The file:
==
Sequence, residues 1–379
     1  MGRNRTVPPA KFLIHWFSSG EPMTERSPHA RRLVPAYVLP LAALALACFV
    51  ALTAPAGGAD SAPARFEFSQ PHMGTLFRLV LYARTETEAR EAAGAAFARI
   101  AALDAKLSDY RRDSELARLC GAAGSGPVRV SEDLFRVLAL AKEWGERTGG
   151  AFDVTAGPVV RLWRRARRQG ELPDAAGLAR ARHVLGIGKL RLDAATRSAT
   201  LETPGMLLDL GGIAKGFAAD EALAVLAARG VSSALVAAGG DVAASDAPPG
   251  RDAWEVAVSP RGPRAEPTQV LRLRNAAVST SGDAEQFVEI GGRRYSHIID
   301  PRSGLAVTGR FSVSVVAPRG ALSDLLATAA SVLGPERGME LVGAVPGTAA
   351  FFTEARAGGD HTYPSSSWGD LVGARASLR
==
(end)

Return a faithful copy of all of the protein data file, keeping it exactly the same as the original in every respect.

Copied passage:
Sequence, residues 1–379
     1  MGRNRTVPPA KFLIHWFSSG EPMTERSPHA RRLVPAYVLP LAALALACFV
    51  ALTAPAGGAD SAPARFEFSQ PHMGTLFRLV LYARTETEAR EAAGAAFARI
   101  AALDAKLSDY RRDSELARLC GAAGSGPVRV SEDLFRVLAL AKEWGERTGG
   151  AFDVTAGPVV RLWRRARRQG ELPDAAGLAR ARHVLGIGKL RLDAATRSAT
   201  LETPGMLLDL GGIAKGFAAD EALAVLAARG VSSALVAAGG DVAASDAPPG
   251  RDAWEVAVSP RGPRAEPTQV LRLRNAAVST SGDAEQFVEI GGRRYSHIID
   301  PRSGLAVTGR FSVSVVAPRG ALSDLLATAA SVLGPERGME LVGAVPGTAA
   351  FFTEARAGGD HTYPSSSWGD LVGARASLR